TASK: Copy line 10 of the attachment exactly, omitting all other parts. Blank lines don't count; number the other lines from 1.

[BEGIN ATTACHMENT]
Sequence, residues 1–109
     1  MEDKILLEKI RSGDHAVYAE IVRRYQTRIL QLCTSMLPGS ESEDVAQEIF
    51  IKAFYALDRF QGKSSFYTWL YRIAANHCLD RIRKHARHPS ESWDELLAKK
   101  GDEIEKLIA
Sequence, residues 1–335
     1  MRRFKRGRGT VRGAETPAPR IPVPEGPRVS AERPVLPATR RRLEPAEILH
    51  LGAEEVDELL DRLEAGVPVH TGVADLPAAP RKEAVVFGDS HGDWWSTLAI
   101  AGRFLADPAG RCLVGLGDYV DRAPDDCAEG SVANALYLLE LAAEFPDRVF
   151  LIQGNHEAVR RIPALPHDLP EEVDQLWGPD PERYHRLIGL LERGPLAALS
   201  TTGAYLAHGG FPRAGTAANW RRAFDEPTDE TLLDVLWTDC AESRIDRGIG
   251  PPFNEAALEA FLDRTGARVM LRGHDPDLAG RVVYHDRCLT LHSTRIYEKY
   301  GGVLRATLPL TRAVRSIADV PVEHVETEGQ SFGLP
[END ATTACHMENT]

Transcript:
   201  TTGAYLAHGG FPRAGTAANW RRAFDEPTDE TLLDVLWTDC AESRIDRGIG